A murder in a ruined monastery, an FBI agent on the trail of stolen art, a British relief worker, an American billionaire in cahoots with a Chinese minister, and a beautiful woman with a dual heritage are the key ingredients in this thrilling new addition to Eliot Pattison's fascinating series featuring former Beijing detective inspector Shan Tao Yun. Released unofficially from a work camp in Tibet and now living with the forbidden lamas he has sworn to protect from Chinese efforts to eradicate them and their culture, the enigmatic inspector is caught in a web of political intrigue between the Chinese official who arranged his release and the pompous and corrupt Minister of Culture who will stop at nothing, including murder, to possess the ancient treasure believed hidden in the monastery. Shan becomes more complex and multidimensional as he faces new challenges in this adventure, including repairing his relationship with his long-missing son. The action and the central character move from the mountains and provincial capitals of Tibet, to Beijing, and even America. This is the fourth novel in Patison's unique and engrossing series; readers discovering him for the first time will want to read his backlist, especially the Edgar Award-winning The Skull Mantra
. --Jane Adams
From Publishers Weekly
The opening of Pattison's intricate fourth book (after 2002's Bone Mountain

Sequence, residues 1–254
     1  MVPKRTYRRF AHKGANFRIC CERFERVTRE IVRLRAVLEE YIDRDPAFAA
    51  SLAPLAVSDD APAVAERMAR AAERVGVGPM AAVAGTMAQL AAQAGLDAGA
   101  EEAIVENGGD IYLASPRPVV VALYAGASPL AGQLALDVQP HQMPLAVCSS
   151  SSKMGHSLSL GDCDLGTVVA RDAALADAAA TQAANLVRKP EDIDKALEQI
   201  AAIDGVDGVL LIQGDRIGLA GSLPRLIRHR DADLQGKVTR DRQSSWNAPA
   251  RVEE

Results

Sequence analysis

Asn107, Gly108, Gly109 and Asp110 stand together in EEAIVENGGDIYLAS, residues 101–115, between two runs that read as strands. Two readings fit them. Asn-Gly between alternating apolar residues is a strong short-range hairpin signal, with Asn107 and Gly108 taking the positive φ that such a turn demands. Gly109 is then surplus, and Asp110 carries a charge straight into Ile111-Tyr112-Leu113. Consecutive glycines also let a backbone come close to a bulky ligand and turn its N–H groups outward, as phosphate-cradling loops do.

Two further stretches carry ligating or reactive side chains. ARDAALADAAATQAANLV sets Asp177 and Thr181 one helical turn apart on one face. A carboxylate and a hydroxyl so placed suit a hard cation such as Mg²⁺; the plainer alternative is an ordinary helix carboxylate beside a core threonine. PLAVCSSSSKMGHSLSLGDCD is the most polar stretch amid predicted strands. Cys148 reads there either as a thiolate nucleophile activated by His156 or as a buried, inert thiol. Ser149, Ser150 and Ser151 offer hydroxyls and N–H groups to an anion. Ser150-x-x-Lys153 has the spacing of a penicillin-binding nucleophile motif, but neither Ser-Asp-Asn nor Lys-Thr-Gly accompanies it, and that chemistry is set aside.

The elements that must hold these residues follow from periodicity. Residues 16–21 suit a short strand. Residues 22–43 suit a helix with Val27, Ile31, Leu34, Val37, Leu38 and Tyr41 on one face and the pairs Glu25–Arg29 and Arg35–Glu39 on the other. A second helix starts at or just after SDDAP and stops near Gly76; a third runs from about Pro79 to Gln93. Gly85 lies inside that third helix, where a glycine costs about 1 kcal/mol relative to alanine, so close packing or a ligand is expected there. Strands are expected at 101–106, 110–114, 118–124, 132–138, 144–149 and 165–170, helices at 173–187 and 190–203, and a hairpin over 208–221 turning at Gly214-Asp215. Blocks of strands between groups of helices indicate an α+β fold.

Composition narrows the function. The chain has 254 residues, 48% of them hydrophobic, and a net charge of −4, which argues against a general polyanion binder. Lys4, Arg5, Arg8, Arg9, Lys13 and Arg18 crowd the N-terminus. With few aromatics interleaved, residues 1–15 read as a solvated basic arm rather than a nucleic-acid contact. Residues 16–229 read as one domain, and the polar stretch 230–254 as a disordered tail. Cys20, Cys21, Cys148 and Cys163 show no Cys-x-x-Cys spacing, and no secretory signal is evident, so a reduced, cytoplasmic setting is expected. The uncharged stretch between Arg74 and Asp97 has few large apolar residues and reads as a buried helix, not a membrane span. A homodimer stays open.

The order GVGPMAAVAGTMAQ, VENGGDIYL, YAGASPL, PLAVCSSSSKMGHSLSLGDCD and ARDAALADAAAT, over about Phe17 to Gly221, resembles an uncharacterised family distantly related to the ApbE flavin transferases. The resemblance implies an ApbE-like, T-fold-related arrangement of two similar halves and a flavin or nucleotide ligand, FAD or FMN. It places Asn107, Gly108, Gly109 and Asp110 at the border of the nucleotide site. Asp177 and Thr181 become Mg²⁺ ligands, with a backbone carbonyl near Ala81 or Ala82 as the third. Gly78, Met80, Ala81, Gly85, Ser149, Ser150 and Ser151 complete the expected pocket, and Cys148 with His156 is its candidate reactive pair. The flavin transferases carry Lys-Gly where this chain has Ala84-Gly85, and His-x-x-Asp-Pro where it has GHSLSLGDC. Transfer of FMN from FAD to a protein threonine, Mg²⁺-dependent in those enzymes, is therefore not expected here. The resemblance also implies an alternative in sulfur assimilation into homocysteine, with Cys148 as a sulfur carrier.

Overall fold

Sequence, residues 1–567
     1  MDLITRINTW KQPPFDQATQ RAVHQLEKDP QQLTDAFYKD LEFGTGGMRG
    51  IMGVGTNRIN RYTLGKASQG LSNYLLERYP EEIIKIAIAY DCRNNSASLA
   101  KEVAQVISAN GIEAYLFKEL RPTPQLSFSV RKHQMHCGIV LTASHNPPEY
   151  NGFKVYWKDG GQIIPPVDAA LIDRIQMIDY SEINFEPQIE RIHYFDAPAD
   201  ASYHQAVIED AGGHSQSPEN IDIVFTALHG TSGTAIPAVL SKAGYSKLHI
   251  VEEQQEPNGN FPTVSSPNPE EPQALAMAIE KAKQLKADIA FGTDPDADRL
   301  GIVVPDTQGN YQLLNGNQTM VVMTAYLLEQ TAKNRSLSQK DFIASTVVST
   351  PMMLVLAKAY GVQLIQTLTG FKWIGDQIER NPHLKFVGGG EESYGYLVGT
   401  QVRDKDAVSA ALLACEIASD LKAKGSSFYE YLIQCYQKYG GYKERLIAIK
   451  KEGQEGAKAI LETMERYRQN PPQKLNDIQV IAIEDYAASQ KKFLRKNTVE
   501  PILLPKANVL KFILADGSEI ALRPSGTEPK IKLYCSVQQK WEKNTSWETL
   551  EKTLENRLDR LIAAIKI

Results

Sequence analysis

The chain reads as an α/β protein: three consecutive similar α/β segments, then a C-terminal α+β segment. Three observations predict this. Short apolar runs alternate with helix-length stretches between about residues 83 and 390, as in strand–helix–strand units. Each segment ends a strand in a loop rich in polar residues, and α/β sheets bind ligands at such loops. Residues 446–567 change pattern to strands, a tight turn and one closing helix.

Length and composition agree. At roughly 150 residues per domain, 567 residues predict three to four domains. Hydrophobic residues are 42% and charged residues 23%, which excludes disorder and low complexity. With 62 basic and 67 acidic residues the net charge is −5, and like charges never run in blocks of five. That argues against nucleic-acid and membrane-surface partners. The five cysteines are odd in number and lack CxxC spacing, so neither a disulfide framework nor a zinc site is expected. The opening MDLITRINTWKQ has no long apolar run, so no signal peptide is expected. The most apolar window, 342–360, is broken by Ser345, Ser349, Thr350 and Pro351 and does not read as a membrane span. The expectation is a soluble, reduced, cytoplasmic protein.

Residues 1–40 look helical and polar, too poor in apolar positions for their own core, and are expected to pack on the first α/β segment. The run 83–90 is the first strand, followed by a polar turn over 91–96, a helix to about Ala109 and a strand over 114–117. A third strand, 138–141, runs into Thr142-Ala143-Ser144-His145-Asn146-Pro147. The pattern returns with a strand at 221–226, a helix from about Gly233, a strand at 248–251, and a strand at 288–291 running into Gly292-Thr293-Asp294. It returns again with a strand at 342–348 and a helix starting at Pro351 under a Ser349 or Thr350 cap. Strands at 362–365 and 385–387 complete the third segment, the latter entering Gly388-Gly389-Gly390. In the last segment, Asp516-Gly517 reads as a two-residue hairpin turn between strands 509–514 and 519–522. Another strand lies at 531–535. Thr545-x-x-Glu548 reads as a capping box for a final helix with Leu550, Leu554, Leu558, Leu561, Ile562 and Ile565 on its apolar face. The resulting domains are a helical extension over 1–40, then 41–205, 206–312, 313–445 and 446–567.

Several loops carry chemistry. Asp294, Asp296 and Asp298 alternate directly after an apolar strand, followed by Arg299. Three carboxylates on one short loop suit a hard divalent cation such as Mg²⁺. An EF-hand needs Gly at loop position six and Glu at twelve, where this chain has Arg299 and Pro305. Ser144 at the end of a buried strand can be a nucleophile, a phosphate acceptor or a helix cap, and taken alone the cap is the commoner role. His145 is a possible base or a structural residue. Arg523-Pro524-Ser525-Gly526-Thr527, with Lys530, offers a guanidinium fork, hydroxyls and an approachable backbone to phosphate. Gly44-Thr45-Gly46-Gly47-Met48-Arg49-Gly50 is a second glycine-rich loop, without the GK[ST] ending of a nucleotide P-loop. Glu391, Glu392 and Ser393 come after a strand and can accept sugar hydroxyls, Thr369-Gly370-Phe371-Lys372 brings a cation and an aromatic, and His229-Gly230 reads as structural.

) finds Shan, his disgraced Chinese police inspector, still living among the outcast monks in the mountains of Tibet, where the people are torn between wanting to observe their ancient religious ways and fearing the wrath of their Chinese occupiers if they do. Gradually, objects from the modern outside world begin to intrude: a gambling chip from a casino in Reno, Nev., found at a murder scene; a set of Staffordshire teacups lovingly preserved by an old Tibetan woman, who also owns a global positioning indicator. Though he's been deliberately avoiding civilization since his release from prison the year before, Shan ends up traveling to his native Beijing and finally to Seattle, ostensibly to help solve a murder mystery concerning Tibetan artworks, but really to settle a political squabble involving a veteran FBI agent, some powerful Chinese officials and an American software billionaire. The promise of a meeting with his long-lost son, now also an imprisoned criminal, raises the emotional ante. Pattison, who persuades us on every page that he knows the culture he writes about, has a tendency to explore in excruciating detail every possible twist and turn of his complex story. It may make for increased authenticity, but it also adds too many pages to a book that cries out for more economy.
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